Osose: A challenge, I think, but not in a negative way. I think my main focus point is time management and making sure that I’m prioritizing what I want to be prioritizing. Because when there’s so many things going on, like all the emails advertising different events to go to, all these different classes to take, etc, it’s super easy to lose track of what I want to be spending my time doing. I want to make sure that I use my time to emphasize the things that are actually important, if that makes sense.
XASS: It does.
Osose: Time management is definitely a big thing that I’m still working on, specifically continually asking myself how can I honor God with my time? Yeah, I think that’s probably the biggest thing.
XASS: Do you have any nonacademic hobbies or passions?
Osose: Yes, I like watching movies! I like watching movies a lot. Nostalgic movies, circa 2000, like Legally Blonde, Mean Girls, and High School Musical. I love rewatching movies I saw growing up, which includes a lot of Disney stuff.
XASS: If I knew you better is there something that else I would have thought to ask you about?
Osose: Probably. I lived in Trinidad for a bit when I was younger. It was about a year. The way my parents immigrated to America we ended up staying there for a year and we visited when I was a little older.
Another thing that not many people know about me is that I started a foundation when I was in high school related to pediatric oncology and access to health care. It bothered me how children in different countries, and even in parts of the United States, face barriers to accessing treatment based on their ability to pay. So, in order to try to do something about the issue, I raised $10,000 for the foundation and went on a mission trip back to Nigeria and used the money to donate chemotherapy medicine to a teaching hospital in Benin.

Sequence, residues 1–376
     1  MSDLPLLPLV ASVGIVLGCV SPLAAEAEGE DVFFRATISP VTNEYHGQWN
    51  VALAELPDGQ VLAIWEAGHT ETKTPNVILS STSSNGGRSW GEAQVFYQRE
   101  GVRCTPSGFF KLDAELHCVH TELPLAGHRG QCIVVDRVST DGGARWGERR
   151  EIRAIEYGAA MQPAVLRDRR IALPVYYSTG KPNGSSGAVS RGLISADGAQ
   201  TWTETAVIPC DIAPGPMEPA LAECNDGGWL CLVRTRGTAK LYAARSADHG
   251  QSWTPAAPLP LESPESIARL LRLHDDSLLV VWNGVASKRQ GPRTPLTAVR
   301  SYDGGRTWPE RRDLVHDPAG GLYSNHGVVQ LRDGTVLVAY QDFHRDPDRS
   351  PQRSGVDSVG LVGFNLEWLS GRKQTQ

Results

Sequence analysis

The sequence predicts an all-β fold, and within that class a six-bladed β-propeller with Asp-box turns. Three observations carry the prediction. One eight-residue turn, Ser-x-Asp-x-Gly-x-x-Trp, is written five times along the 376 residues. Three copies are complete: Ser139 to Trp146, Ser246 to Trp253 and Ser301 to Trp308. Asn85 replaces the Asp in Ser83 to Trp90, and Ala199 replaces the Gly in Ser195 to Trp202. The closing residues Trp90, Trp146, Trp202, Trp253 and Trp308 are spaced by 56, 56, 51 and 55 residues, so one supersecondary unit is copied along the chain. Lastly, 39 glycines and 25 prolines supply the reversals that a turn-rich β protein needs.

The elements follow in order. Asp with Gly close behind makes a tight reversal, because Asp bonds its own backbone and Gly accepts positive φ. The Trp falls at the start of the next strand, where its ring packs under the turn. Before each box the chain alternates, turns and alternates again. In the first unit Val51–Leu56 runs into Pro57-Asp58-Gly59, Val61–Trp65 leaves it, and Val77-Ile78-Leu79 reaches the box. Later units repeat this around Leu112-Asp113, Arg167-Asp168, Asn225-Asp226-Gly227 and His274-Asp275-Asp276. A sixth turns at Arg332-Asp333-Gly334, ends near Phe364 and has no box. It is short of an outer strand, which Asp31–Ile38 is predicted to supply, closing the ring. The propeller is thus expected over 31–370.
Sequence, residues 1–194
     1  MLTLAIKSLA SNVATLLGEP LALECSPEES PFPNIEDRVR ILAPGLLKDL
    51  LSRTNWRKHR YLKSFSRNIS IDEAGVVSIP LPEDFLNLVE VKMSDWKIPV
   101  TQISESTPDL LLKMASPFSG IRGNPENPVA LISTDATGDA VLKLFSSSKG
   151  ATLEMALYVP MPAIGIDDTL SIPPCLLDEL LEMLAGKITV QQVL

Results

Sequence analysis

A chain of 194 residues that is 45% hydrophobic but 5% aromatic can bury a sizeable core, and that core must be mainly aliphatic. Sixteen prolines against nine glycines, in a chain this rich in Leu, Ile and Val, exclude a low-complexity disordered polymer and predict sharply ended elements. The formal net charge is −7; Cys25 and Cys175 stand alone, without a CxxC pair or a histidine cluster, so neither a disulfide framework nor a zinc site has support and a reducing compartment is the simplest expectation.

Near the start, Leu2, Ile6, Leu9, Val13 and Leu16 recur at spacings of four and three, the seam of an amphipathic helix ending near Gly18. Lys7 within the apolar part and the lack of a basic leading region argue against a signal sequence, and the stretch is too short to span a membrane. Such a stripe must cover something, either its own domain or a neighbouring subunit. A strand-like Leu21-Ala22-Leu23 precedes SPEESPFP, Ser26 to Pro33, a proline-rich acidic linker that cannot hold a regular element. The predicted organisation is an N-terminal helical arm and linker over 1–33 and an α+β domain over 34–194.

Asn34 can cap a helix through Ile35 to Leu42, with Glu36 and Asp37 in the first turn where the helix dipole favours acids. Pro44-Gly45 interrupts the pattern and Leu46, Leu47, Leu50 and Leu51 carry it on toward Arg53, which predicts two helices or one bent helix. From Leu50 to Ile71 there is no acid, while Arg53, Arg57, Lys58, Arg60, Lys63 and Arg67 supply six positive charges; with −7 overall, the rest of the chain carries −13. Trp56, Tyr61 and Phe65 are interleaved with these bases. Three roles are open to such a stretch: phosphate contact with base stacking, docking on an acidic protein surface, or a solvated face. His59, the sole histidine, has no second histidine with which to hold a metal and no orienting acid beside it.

XASS: That’s amazing! Usually when someone starts a foundation to raise a lot of money in high school it’s because they’ve got a personal connection, like a close friend of theirs was diagnosed with the disease, or someone in your family. Was there some personal trigger for you to raise money for pediatric oncology?
Osose: It’s actually quite a bit of a story. For the longest time, I’ve always been interested in medicine and always wanted to become a doctor, specifically an oncologist. That interest stemmed from my parents being in the medical field and also from doing a variety of different projects related to aging and cancer in middle and high school. So, from there my interest in pediatric oncology was sparked, and I started to do more research and realized that in a variety of places around the world, especially in places with inadequate health care infrastructure, access to healthcare and by extension, ability to live, is almost solely based on ability to pay, which is disgustingly unjust, especially in the case of children. I love kids, and at my church back home I worked as a Sunday school teacher, and I was around kids a lot. And when I think about kids in those types of difficult situations, it is so, so upsetting because children have their whole lives ahead of them.
They’re so full of life that to have that potential snuffed out because of something as ridiculous as not being able to pay for a certain treatment is something that deeply irritated me. I couldn’t do much to change the unjust nature of global health care systems, since I was only in high school, but I knew that I could help with my time and by galvanizing people to open their pocketbooks and donate to a worthy cause.
XASS: Tremendous! What a great answer. Okay, then it’s now time for our final question. The classic Chi Alpha spotlight series question: Osose, are you in a relationship?
Osose: Oh no, I’m not in any relationship at the moment.
XASS: And are you happily not in a relationship, are you open to a relationship or are you seeking a relationship?
Osose: I’m open to anything, but I’m just taking it easy at the moment, and focusing on building good friendships.
XASS: Osose, thank you for your time!